Dental checkups and cleanings once or twice a year are critical, whether you’ve had a dozen cavities or no cavities. These appointments serve many purposes, from catching certain oral diseases before they get worse, to oral cancer prevention, to a professional deep cleaning of your teeth. We can’t see everything going on in our mouths just by looking in the mirror, but a dentist with the right tools, experience, and technology, can. Two trips to the dentist a year is usually enough, but if you have a history of dental issues or you’re at a higher risk for certain oral diseases, your dentist may want you to come in more frequently.

Here’s what you can expect at a routine dental examination:

Examining the teeth

Before using any instruments or treatments on your teeth, first the hygienist or dentist will take a look around the inside of your mouth. They will use a small mirror and sometimes a little probe for the exam. They are looking for signs of tooth decay and swollen, red gums. They will measure the depth of your gum pockets. If the pockets are deep and you have swollen, red gums, those are symptoms of gum disease. They will examine your bite and see if any of your teeth show signs of tooth grinding or temporomandibular joint disorder (TMD). They will also do an oral cancer exam, by checking your neck, lymph glands and all the soft tissues of your mouth for anything that looks like it could be the start of something suspicious.

X-rays or CT imaging of the teeth

At least once a year, your dentist will order dental X-rays be taken of your teeth, jaw, and surrounding tissues. These X-rays can help diagnose a number of problems and foresee potential issues and prevent them from happening, such as cavities, issues below the gum line, and bone loss. A full-mouth series of X-rays is most often done during a person’s first trip to the dentist. Bitewing X-rays are used during checkups to look for tooth decay, and panoramic X-rays may be used occasionally to find issues with a person’s bite or jaw alignment.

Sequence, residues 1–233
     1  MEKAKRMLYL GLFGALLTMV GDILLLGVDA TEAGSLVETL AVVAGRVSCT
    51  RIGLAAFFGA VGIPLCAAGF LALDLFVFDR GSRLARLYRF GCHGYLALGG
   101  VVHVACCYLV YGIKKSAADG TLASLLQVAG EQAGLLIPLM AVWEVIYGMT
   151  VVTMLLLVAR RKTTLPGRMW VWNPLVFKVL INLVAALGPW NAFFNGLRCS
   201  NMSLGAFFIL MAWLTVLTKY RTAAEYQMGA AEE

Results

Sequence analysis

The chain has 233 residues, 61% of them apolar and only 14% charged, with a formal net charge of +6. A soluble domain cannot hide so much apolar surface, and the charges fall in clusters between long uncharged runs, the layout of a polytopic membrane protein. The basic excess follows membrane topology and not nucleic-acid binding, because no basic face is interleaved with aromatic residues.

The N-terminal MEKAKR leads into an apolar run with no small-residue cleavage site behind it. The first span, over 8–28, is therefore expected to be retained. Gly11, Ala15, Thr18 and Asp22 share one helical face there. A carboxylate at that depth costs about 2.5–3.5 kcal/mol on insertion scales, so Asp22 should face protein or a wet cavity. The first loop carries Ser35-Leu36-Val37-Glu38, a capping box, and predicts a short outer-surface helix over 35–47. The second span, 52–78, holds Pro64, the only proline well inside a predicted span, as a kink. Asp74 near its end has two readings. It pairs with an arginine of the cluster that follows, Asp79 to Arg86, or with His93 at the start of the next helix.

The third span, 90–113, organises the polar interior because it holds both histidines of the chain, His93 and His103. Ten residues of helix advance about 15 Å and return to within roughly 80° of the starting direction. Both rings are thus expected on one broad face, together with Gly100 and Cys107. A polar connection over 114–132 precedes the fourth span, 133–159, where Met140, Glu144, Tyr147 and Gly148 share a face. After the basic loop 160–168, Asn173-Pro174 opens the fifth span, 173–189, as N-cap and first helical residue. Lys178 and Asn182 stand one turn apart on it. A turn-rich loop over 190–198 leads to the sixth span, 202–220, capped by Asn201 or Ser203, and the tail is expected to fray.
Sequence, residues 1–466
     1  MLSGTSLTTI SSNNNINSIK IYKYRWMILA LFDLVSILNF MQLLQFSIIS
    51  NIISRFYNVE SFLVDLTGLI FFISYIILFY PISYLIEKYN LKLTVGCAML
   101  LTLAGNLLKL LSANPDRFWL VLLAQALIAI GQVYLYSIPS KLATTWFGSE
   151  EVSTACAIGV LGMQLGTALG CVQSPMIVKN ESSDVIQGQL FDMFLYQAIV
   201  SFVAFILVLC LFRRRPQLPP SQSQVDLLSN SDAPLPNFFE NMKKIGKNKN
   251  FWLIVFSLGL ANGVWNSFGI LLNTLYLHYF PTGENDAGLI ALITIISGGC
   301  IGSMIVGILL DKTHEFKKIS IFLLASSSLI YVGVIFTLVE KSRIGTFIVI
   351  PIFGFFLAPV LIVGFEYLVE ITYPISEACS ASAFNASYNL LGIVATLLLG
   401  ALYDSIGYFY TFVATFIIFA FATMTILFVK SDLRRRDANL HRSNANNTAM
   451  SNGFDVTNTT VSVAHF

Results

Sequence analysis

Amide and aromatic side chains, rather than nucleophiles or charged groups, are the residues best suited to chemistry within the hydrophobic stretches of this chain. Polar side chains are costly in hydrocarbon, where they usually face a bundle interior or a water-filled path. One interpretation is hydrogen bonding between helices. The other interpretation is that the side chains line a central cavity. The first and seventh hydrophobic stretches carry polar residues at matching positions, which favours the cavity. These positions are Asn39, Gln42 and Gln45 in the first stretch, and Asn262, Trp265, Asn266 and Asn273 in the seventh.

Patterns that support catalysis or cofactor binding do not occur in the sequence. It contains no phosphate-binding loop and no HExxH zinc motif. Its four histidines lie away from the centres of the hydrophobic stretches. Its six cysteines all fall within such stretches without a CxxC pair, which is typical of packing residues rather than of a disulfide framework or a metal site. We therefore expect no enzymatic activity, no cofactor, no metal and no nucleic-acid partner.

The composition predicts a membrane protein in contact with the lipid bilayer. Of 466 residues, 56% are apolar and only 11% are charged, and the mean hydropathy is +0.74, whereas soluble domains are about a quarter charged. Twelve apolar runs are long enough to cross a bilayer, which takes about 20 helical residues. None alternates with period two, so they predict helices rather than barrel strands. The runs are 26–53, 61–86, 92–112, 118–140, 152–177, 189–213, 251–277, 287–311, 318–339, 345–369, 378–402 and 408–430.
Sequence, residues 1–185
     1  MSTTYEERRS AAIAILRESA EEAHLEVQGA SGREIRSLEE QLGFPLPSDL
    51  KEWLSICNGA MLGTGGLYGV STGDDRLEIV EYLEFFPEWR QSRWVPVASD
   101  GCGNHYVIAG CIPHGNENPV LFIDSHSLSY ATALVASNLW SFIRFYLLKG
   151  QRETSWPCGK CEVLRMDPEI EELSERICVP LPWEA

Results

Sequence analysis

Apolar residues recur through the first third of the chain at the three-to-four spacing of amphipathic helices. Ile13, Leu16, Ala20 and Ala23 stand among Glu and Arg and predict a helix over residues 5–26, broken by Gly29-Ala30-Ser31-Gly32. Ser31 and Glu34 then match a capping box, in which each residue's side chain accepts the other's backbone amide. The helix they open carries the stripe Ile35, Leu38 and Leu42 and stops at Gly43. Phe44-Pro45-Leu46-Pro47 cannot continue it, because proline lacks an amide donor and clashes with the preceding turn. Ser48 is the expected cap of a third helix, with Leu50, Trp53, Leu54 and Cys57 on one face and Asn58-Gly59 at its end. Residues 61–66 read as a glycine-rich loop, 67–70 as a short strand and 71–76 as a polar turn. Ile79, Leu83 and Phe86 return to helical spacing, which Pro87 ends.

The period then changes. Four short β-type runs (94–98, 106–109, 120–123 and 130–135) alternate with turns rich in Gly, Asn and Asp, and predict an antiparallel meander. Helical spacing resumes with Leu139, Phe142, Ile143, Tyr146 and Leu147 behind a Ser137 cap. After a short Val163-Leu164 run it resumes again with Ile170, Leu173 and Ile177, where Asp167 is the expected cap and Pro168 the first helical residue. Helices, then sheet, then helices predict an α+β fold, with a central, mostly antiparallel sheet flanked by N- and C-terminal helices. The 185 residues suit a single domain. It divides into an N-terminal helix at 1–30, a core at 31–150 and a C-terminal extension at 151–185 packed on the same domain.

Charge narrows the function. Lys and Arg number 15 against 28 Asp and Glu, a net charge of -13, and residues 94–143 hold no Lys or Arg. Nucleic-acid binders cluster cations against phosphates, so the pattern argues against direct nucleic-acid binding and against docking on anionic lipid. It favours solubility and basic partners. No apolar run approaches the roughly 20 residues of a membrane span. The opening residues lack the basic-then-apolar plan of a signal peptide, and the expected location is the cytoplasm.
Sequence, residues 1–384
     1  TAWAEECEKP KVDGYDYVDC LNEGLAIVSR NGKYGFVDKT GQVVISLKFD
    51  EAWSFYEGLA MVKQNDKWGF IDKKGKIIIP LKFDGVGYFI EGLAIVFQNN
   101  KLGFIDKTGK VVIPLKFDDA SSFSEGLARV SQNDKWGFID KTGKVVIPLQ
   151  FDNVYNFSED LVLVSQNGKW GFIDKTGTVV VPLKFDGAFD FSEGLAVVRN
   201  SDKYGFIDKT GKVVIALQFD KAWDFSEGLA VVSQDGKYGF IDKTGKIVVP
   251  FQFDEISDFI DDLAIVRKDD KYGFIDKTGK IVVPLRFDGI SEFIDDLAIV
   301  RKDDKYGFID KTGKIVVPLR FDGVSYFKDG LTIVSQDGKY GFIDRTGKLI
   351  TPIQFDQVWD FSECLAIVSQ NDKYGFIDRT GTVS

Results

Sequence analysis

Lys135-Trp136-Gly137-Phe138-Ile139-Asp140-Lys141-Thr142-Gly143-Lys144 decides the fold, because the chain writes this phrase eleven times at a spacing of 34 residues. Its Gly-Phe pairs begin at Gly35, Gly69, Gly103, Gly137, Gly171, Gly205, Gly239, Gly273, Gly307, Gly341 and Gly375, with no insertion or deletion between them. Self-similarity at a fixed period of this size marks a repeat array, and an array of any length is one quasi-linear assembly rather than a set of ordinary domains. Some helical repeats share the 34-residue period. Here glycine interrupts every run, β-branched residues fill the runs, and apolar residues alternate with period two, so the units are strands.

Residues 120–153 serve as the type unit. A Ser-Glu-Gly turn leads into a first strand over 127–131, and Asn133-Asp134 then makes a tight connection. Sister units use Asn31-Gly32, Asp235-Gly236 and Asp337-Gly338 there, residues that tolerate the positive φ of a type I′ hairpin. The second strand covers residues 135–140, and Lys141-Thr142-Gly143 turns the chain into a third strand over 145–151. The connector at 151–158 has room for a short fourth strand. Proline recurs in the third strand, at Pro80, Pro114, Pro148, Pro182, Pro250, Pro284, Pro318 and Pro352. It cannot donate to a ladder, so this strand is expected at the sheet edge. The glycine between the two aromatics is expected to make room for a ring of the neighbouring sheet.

Cleaning the teeth

To begin the cleaning process, the dental hygienist will first use an instrument called a scaler. This instrument looks like a blade and is used to scrape tartar off the teeth above and along the gumline. If there is a large amount of plaque present, the hygienist may use a vibrating device to shake loose some stubborn plaque and tartar. After this, the hygienist will rinse any excess away with a water stream. Then the hygienist will polish your teeth using a gritty paste. They will also floss your teeth and show you the best techniques for flossing and reaching difficult areas. The last step is typically applying fluoride to the teeth, which helps prevent tooth decay by making the tooth more resistant to acid from plaque bacteria and sugars in the mouth.

If you live or work in the north Phoenix area and are looking for a trusted dentist, give us a call today to schedule FREE consultation: (602) 482-5100